“Call me Jed, Mr. Ewell was my father”
Unlike his father Jed found conversation unduly taxing, and so he relied heavily on rhetorical clichés and stock jokes (such as this) to guide him through the interpersonal abyss.
His father, who incidentally was almost never referred to as Mr. Ewell, was a man-of-the-people, a welder, and the pinnacle of masculinity. Mr. Ewell would strike up conversation with anyone that met his eye and Jed had deeply admired this quality (if envy is a requisite component of admiration).
Like his father, Jed too had entered the welding profession; he even readily admitted to himself that his becoming a metal worker was merely a transparent attempt to both emulate Mr. Ewell’s potent masculinity, which he felt he lacked, and to earn his respect, which he felt he also lacked.
The tone of his and his father’s conversations had begun to change as he drew further into the secrets and skills of the profession. They were equals now. Ewell and Son adorned the front of shop, where once it had read Ewell and Ewell for Jed’s uncle, Frank Ewell, who died suddenly some time ago, and whose shoes Jed was now struggling to fill both professionally and familially.
Jed’s middle name was Frank after all, after his uncle, and he was despite appearances a Ewell also. To Jed this was akin to a religious calling; Ewells were a sacred order, blessed by rugged charm and incomparable work ethic. Even if Jed did not possess these qualities naturally, he was damn sure going to mimic them until even he could no longer mark the difference.
But welding is hard to mimic, it is a genuine skill, impossible to imitate but hard won only through ceaseless labour in the stiflingly hot workshop that now bore his name. Steel was his particular weakness; he felt his father’s eyes burning into him whenever this unruly, inflexible beast failed to yield to his torch and tongs. Other metals would comply with his art, but never steel; Achilles’ iron alloy.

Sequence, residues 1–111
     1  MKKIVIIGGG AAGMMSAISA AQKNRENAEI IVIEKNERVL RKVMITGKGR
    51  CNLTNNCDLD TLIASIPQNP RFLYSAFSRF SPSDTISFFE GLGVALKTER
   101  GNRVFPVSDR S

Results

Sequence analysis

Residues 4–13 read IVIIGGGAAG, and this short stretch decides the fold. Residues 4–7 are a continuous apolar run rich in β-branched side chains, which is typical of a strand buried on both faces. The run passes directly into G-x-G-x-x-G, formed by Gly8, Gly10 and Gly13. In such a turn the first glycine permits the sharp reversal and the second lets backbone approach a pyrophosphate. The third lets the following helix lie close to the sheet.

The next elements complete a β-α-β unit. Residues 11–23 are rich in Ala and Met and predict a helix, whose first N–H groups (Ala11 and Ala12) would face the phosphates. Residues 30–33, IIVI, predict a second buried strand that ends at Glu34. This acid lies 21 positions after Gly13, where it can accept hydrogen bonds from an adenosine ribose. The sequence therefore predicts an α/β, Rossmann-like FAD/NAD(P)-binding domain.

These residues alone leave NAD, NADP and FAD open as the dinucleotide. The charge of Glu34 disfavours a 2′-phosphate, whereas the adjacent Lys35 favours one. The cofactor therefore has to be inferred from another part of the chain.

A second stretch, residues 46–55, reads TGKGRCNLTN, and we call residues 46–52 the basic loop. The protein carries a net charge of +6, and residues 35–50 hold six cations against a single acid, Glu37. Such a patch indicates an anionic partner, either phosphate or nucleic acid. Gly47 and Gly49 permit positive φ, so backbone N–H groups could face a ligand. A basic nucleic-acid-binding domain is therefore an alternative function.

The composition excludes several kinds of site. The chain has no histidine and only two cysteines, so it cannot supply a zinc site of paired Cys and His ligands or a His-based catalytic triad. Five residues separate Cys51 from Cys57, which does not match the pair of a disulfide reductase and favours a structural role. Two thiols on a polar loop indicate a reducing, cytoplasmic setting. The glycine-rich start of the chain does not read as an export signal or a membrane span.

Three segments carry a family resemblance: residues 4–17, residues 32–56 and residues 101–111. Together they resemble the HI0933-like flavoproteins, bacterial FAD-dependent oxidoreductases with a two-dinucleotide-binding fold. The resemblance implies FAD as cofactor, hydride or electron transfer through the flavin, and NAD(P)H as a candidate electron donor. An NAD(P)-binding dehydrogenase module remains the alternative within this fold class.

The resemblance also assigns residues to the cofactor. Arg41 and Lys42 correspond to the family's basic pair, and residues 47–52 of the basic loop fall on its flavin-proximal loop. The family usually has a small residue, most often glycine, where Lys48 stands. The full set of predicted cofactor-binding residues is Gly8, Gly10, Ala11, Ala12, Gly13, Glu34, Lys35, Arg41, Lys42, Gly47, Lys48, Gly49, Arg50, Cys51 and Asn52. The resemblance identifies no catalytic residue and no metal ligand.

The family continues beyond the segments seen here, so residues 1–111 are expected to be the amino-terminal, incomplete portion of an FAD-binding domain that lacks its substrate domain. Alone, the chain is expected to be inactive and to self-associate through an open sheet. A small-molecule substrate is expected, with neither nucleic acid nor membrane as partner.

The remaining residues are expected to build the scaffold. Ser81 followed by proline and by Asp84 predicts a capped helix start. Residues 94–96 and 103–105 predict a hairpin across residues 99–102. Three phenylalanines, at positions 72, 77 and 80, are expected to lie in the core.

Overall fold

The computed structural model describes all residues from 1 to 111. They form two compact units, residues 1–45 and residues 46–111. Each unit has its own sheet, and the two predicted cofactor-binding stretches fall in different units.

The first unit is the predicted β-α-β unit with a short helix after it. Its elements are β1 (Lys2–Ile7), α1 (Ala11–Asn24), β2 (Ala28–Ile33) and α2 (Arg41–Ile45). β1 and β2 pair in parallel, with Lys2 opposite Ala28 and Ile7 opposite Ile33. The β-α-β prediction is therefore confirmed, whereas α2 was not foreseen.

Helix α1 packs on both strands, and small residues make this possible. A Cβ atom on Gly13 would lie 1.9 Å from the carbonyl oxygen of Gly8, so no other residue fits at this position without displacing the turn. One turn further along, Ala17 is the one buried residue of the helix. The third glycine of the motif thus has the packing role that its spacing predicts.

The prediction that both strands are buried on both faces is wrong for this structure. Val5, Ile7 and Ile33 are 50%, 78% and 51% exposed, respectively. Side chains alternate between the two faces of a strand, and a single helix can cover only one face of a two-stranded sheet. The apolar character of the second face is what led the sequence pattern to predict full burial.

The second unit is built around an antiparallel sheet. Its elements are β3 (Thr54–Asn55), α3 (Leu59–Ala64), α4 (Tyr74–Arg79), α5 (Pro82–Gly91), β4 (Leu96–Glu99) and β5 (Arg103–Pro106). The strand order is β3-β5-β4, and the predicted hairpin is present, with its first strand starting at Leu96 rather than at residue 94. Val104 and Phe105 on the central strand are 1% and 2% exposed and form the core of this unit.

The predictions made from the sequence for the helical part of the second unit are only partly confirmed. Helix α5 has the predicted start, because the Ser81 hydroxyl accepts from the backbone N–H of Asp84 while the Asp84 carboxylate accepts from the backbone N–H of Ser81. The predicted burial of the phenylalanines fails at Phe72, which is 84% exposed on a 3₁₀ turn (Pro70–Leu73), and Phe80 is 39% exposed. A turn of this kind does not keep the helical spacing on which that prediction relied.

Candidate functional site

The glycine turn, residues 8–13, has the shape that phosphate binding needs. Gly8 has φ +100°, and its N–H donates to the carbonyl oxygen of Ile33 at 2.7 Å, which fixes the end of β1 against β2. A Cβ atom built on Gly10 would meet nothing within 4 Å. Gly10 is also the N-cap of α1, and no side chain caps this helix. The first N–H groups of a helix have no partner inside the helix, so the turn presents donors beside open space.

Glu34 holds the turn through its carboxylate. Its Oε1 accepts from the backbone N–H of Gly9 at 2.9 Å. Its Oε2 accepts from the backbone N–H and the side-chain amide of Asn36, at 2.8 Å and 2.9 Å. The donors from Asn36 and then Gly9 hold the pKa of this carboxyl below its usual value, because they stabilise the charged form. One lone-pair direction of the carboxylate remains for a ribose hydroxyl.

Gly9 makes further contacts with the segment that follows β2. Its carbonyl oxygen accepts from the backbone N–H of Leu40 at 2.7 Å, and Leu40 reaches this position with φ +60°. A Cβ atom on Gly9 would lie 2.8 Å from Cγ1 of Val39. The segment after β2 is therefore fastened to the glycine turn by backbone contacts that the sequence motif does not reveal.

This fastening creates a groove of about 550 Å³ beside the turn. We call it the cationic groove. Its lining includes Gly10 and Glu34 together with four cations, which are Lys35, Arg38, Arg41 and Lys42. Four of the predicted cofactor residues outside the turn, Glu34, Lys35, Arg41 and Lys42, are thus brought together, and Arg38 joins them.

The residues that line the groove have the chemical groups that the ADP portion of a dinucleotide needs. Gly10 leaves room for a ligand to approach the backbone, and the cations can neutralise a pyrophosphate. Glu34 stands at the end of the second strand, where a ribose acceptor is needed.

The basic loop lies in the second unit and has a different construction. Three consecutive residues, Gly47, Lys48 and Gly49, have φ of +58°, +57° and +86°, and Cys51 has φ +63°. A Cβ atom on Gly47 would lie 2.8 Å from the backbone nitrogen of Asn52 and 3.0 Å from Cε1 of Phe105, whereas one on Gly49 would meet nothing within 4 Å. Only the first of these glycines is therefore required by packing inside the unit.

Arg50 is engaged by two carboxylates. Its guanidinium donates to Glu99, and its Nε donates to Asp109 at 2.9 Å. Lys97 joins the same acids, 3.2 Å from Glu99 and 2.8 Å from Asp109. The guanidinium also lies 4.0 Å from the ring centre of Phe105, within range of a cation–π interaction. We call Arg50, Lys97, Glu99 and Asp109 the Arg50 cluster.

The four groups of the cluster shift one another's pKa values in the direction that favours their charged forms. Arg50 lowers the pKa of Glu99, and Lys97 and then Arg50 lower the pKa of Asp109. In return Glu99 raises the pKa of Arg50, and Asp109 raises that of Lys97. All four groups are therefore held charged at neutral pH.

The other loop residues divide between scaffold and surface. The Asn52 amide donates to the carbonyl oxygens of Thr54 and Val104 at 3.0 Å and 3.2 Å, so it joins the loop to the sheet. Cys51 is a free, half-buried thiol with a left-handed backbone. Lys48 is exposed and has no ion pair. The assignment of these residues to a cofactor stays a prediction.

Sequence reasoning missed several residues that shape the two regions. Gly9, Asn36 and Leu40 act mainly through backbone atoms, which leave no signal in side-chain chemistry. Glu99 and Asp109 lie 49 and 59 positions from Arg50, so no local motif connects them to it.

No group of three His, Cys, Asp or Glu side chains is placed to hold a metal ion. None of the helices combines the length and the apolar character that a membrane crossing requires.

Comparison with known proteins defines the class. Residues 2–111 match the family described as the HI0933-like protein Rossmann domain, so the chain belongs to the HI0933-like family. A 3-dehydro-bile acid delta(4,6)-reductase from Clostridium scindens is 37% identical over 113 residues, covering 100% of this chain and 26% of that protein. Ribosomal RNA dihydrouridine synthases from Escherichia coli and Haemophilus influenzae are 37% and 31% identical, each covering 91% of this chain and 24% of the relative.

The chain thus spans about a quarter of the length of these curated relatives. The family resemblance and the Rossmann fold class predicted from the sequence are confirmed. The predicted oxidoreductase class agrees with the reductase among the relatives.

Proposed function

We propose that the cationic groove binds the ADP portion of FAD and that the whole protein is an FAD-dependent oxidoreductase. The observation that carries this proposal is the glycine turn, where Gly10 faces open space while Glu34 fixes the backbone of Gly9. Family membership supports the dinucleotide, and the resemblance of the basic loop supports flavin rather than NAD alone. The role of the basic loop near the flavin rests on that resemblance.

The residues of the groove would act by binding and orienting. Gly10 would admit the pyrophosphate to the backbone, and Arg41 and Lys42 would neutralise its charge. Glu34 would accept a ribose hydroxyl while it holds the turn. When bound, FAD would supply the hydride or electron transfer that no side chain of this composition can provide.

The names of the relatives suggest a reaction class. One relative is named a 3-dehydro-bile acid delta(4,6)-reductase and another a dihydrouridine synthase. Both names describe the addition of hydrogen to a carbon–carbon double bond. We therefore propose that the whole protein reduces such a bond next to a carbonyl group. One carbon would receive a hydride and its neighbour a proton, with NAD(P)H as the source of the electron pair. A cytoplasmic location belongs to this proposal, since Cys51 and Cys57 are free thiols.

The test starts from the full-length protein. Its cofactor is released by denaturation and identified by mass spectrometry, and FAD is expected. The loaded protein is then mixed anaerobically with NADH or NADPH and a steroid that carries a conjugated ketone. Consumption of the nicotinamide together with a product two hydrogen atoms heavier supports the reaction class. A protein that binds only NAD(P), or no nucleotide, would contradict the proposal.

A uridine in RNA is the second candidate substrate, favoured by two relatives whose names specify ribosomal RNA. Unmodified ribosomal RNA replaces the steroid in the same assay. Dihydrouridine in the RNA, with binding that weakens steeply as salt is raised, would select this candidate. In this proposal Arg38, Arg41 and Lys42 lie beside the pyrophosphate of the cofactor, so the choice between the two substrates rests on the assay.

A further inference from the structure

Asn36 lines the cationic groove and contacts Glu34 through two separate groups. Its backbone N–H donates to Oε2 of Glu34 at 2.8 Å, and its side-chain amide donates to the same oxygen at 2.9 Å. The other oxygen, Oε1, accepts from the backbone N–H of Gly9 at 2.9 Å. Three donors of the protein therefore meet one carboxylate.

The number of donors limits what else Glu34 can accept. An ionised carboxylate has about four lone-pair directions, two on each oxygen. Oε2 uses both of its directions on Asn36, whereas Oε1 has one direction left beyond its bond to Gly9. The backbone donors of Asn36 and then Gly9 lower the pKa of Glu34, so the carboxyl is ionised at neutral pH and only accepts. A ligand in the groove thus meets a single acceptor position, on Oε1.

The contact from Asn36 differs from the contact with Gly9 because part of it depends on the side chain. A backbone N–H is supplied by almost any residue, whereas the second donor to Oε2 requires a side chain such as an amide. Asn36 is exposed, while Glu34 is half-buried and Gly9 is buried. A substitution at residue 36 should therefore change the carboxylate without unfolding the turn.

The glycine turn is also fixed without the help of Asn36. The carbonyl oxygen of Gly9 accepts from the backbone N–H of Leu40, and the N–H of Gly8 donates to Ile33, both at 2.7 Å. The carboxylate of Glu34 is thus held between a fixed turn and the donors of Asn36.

. . .
Years later, Jed is accomplished at his craft, he still feels a pale imitation of his father but at least he is to some degree a genuine man, a genuine Ewell. Except in one aspect, hot panic overtakes him whenever a new contract is signed and he knows he is to work with steel.
A construction company now wants 30 beams reshaped to specification; Mr. Ewell is too old to oversee such a large contract, his worsening arthritis has rendered him a mere administrator. A crisis of identity ensues for Jed, keeping him up at nights reconsidering the products of a lifetimes worth of small decisions. Maybe metal work had always been a mistake, maybe he doesn’t need his father’s approval as much as he thought he did, as now he had it it proved insubstantial, evaporating on contact with air.
Maybe Ewells could be artists or teachers and not just welders, maybe men don’t have to work with their hands to be men. Jed is single minded now, an unfamiliar determination possesses him, and so he calls the foreman of the construction company whose contract has triggered his spiritual revolution.
‘I’m sorry, I can’t do it’ he says solemnly ‘Jed F. Ewell can’t melt steel beams.’